They might not have the same Guardian Angel roots, but the Q-Safety Patrol is back on Capitol Hill.
On Wednesday night, around 20 people gathered inside Dr. Jen’s House of Beauty on E Pike for the first meeting to resurrect the once prominent citizen safety brigade aimed at preventing gay-bashings and violence in Seattle’s gay neighborhoods. UPDATE: The group has also adopted a new name: OutWatch.
Dr. Jen’s owner Jennifer Dietrich, who was not a member of the original group, told CHS she decided to organize the meeting after a spate of violent attacks in the neighborhood, including a rape and an assault of a drag performer.
“I just stopped and said ‘this is not cool, that we can’t walk around our own neighborhood.’ We need to do something,” she said.
Dietrich said she hopes to have patrols rolled out as early as next week, using Dr. Jen’s as a home base. The plan is for members to walk Capitol Hill beats from 10 PM – 3 AM in groups of four, wear OutWatch shirts, and carry mace. Dietrich said she wants all members to receive some self defense training, but that having a public presence will be the most important deterrent to would-be criminals.
“We’re not a roaming pack of vigilantes,” she said. “It’s important that we report crimes to the police.”
The group also discussed opening a phone line and social media channels so a “dispatcher” could help direct patrol actions.
For now, those interested in joining can stop into Dr. Jen’s or contact Dietrich directly.
A Dr. Jen’s employee, who asked to remain anonymous, said while she hoped the patrol would have an open and allied relationship with SPD, many in the LGBTQ community still felt unsafe around police. She said aggressive tactics used by police to disperse late-night revelers during the 2012 Pride Festival were still fresh on many people’s minds, prompting several people to join Wednesday night’s meeting. “We got it handed to us that night,” she said.
The original Q-Safety Patrol was formed in 1991 in response to a rash of gay bashings that organizers felt police were unwilling or incapable of preventing. The original group was trained by the New York City-based Guardian Angels and adopted their signature berets.
In 1996 an up-and-coming Lt. Jim Pugel, then running the East Precinct’s community policing team, gave credit to the group for drastically reducing reported hate crimes in the city. Precinct leaders more recently have been less keen on the idea saying that the patrols could put un-trained citizens at risk and spark confrontations.
According to data obtained by CHS, the King County Prosecutor’s office has filed 6 malicious harassment cases this year, putting the county on track for a rise in hate crime cases over recent years:
- 2013: 9
- 2012: 9
- 2011: 7
- 2010: 16
- 2009: 11
During the 2010 spike in hate crimes, there were rumblings of a Q-Patrol revival. The most recent interest in bringing back Q-Patrol comes amid several reported LGBTQ-targeted incidents on Capitol Hill.
Drag performer Ade Connere told a reporter earlier this month that he was attacked for being in drag while walking near 13th and E Cherry. He said he didn’t report the crime to police because his last experience reporting a bashing to police “was more traumatic than the attack.”
Hernan Sarellana is charged in a July gay bashing where he allegedly asked a group if they were “faggots” then punched one on a Capitol Hill street-corner. Sarellana, 33, was charged with malicious harassment stemming from the incident that sent the victim to the emergency room with a head wound and seizure. Sarellena is out currently out on bail while his case moves through the courts.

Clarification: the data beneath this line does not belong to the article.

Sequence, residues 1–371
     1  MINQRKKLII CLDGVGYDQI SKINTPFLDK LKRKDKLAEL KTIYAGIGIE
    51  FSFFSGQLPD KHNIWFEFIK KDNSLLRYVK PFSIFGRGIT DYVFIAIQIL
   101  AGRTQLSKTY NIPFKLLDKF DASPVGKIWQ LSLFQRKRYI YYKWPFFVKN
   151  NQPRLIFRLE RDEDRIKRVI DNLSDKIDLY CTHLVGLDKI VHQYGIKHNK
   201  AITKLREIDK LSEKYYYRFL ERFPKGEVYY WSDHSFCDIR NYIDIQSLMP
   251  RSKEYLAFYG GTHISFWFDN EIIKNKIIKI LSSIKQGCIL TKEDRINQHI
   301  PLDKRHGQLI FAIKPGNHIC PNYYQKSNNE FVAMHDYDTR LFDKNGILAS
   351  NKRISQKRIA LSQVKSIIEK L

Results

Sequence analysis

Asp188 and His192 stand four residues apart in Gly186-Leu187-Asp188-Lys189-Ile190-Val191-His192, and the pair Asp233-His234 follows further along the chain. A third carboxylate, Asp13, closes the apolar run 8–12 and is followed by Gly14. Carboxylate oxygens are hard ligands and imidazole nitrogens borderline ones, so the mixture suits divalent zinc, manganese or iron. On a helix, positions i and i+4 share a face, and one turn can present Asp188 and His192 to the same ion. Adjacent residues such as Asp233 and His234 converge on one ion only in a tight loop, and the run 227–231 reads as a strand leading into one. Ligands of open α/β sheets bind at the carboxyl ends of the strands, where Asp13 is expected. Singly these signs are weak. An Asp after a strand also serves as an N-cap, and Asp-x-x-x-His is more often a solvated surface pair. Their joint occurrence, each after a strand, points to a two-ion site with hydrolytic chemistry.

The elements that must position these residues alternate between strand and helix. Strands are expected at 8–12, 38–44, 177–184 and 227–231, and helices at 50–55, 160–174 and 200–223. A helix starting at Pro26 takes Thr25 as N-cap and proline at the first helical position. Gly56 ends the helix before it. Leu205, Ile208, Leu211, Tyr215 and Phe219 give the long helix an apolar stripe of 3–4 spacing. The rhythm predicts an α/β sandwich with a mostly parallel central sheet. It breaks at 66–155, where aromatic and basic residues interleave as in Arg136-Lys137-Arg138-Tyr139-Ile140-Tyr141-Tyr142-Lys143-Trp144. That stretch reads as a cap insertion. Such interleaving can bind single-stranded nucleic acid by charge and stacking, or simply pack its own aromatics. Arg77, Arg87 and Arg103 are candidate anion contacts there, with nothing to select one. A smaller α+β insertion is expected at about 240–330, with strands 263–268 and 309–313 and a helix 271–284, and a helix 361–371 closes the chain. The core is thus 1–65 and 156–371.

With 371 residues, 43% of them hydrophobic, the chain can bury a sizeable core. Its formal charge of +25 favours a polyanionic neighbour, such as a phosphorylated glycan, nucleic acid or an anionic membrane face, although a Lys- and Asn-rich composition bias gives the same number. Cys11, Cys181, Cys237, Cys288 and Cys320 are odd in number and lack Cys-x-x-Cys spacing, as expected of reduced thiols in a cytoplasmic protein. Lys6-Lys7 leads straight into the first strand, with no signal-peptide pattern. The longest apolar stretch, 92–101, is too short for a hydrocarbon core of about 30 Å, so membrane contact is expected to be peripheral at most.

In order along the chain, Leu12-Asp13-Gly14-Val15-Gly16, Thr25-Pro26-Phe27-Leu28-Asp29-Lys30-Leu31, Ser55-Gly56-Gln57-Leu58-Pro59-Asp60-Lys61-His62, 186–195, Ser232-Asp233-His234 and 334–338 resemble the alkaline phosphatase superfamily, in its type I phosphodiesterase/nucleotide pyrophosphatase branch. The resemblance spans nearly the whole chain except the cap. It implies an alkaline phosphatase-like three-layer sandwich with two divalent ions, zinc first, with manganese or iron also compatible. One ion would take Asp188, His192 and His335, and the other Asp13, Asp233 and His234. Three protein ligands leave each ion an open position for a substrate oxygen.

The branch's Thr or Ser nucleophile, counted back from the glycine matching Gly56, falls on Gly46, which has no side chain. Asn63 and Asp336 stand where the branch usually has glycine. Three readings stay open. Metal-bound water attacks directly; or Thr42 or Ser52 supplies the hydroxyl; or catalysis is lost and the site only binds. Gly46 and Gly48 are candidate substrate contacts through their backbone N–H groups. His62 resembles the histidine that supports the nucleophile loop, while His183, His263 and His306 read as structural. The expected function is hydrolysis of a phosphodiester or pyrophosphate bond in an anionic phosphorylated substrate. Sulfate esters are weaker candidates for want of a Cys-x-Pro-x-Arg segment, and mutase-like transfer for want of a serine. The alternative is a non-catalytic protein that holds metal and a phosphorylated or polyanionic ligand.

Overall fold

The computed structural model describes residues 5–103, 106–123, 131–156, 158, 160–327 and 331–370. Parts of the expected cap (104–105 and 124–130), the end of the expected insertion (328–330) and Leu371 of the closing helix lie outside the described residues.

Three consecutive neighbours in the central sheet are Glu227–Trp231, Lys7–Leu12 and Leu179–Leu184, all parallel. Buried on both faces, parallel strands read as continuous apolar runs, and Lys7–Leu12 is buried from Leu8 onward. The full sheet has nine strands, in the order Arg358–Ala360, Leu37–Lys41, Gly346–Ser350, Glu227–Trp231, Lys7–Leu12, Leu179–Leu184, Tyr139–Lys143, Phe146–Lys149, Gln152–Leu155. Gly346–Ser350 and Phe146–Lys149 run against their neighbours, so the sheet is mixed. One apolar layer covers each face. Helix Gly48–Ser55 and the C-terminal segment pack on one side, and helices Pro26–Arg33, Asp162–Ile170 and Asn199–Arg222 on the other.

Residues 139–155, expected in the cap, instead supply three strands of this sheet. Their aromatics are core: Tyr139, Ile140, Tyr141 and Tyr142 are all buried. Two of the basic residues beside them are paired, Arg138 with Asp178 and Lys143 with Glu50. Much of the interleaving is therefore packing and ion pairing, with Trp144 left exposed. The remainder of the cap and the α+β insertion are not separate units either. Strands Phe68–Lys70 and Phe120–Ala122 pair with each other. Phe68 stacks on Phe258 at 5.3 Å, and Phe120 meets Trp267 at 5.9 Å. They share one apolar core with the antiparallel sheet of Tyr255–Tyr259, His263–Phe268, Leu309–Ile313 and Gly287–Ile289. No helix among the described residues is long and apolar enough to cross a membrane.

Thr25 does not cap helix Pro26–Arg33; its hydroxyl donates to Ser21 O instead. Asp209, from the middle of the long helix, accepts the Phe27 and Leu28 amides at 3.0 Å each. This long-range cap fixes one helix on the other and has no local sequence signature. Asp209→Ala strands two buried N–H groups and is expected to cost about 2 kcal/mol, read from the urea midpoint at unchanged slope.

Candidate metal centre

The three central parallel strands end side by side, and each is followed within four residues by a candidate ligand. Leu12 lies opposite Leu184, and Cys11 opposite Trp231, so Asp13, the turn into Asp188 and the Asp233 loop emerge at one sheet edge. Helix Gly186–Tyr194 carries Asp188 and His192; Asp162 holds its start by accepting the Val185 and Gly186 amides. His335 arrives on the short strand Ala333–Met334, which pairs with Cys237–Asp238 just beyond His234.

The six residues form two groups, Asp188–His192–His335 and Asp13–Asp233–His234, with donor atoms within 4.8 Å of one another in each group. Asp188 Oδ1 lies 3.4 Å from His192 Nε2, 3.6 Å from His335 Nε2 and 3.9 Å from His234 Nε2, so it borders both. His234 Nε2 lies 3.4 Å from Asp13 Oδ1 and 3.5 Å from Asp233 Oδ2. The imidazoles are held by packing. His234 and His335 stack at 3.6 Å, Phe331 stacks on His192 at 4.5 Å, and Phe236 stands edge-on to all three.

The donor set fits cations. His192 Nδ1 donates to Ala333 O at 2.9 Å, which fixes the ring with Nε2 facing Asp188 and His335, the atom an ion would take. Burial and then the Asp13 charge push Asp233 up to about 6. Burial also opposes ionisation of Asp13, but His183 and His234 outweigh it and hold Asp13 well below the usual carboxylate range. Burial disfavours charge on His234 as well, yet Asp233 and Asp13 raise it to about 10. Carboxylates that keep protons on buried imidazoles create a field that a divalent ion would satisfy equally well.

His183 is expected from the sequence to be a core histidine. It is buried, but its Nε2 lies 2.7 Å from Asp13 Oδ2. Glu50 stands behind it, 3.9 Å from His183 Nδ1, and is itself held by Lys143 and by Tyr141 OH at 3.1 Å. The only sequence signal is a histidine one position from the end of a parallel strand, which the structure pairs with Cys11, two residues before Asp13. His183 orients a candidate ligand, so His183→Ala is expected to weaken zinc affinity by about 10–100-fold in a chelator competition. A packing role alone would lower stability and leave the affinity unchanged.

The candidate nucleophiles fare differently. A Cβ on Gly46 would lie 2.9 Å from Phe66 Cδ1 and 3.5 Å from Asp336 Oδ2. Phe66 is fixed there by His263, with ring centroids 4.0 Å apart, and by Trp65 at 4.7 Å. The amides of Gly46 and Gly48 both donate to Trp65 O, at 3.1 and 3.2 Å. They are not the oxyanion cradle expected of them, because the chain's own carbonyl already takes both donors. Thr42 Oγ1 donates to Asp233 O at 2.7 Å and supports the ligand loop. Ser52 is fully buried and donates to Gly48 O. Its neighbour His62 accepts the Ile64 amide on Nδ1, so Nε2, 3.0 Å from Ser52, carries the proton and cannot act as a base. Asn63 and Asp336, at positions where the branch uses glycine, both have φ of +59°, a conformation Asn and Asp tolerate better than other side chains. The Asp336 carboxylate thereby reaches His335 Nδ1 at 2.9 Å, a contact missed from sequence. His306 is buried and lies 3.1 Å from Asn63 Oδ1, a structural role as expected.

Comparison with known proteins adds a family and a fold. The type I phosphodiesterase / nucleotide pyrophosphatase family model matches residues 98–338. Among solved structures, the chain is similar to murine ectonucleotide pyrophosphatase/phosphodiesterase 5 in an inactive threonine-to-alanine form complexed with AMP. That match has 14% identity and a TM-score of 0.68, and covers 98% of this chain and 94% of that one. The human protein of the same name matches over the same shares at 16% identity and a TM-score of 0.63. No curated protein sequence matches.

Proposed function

Another Capitol Hill hate crime case is moving forward. Larry Figueroa was charged with malicious harassment and remains jailed on $15,000 bail following his arrest for a February attack on a man near Boylston and E Pine’s R Place. Prosecutors say the 51-year-old hit his victim and used an anti-gay slur in the incident at the 1500 block of Boylston Ave
The court proceedings for accused Neighbours arsonist Musab Musmari continue following the 30-year-old’s plea of not guilty to a charge of first degree arson. No hate crimes have been filed in the case.
Here’s how state statute defines felony malicious harassment:
(1) A person is guilty of malicious harassment if he or she maliciously and intentionally commits one of the following acts because of his or her perception of the victim’s race, color, religion, ancestry, national origin, gender, sexual orientation, or mental, physical, or sensory handicap:
(a) Causes physical injury to the victim or another person;
(b) Causes physical damage to or destruction of the property of the victim or another person; or
(c) Threatens a specific person or group of persons and places that person, or members of the specific group of persons, in reasonable fear of harm to person or property.
Words alone do not constitute malicious harassment unless the context or circumstances surrounding the words indicate the words are a threat. Threatening words do not constitute malicious harassment if it is apparent to the victim that the person does not have the ability to carry out the threat.
The city also has a misdemeanor felony harassment law that mimics the state law.
Mayor Ed Murray, a longtime Capitol Hill resident and Seattle’s first openly gay mayor, has voiced concerns about a perceived increase in crimes that target gay people.
Earlier this month CHS sat down with new East Precinct Captain Pierre Davis to talk, among other things, about the perceived uptick in violence aimed at the LGBTQ community. Davis said part of SPD’s strategy is to track repeat offenders, note when they come in and out of jail, and watch for crimes that match their known M.O. He also said he was committed to rolling out foot patrols in the neighborhood this year.